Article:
Off the shelf solutions

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This topic contains 6 replies, has 4 voices, and was last updated by  Steve Ressler 8 years ago.

  • Author
  • #172416

    William Blumberg
    Participant just announce their new web pages for cities. So what do you think about using a non-self hosted site to meeting the needs of local government. I am fan of off the shelf solutions but I worry because of the lack of control when you use a service such as Now you are tied to their terms of services and limited on what you can do with the site. Yet, it does seem simple and I have found most local government IT departments are limited on time and resources.

    Is this a solution? If so, when and how to use it?

  • #172428

    Steve Ressler

    More and more cities are going to hosting in the cloud for a variety of reason (cost savings, elasticity, etc). I think it actually helps on the time and resources area as you don’t have to spend nearly as much time worrying about configuring and keeping the site up in times of issues. Most of the gov’t agencies who have gone Drupal actually use Acquia to host in the cloud for example.

  • #172426

    Daniel Bevarly

    I would not be as concerned with the site being externally hosted as I would be with the structure of that site to mirror or replicate traditional public communication and data transmit or exchange. Government should be working with any third party provider of its online relations with the public to ensure such structure, processes and policies are maintained. If that is not reflected in the terms of services or creates limitations or challenges, then government should seek out solutions elsewhere.

  • #172424

    William Blumberg

    I am hopeful that gov’t IT will move towards managing cloud base services instead of trying to keep up on the ever changing technology. The time and resource should be for creating good content and services as you suggested.

  • #172422

    William Blumberg

    I am often surprised about my fellow government employees not reading the terms of services. Ok, I have found most people do not read the TOS. But you are right, there are lots of solutions with third party provider and with more agencies seeking these solution, I am sure that companies will provide great products.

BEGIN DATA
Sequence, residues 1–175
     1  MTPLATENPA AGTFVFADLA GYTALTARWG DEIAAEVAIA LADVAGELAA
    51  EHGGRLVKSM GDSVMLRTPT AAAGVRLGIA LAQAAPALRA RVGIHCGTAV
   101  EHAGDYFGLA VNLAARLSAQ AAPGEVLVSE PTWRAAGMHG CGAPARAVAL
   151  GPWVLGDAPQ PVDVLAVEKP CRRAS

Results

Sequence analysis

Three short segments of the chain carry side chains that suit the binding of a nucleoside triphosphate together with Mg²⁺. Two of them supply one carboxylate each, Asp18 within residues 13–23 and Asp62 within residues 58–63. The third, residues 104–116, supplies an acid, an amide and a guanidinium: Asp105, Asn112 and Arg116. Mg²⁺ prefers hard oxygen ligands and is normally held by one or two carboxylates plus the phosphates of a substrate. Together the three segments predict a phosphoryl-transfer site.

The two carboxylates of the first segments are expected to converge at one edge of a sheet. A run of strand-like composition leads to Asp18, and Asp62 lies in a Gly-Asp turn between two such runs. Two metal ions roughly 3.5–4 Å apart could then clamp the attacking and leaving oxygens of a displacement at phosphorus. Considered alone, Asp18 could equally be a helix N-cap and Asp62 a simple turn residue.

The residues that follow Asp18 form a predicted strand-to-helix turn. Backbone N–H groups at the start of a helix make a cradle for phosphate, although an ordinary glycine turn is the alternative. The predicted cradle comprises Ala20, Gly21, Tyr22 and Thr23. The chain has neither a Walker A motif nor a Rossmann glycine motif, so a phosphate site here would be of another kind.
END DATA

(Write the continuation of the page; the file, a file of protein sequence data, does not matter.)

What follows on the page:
• #172420

    Daniel Hanttula

    When I worked in the private sector, WordPress was the solution for deploying to a non-technical customer or team — especially if we had specialists that would be contributing large amounts of content to the site. My biggest frustration was the need to constantly update the WordPress code base (from a security perspective, WordPress is a high-value target), but with a managed solution such as this, that goes away. Another plus is that the system has a great amount of plug-in support (as one developer once told me, if you can’t find a WP plug-in for your needs, they probably aren’t real business requirements) and the system (at least the commercial version I have seen) allows you to export your posts to XML at no-charge or have it ported to a hosted instance of WP for a reasonable fee.

    So, in my opinion, it is an excellent solution to deploy when you have a number of contributors to a single site and need advanced rights management for pages in an easy to deploy and simple to maintain system. If you have a dedicated webmaster who is the “gatekeeper” for content, then it probably isn’t as necessary, but anyone who has considered a CMS (Content Management System) for the web should seriously consider WordPress.

  • #172418

    William Blumberg

    Thank Daniel,

    I like your thoughts of WordPRess being a solution for non-technical teams and that if there is no WP plug-in then do you really need it.

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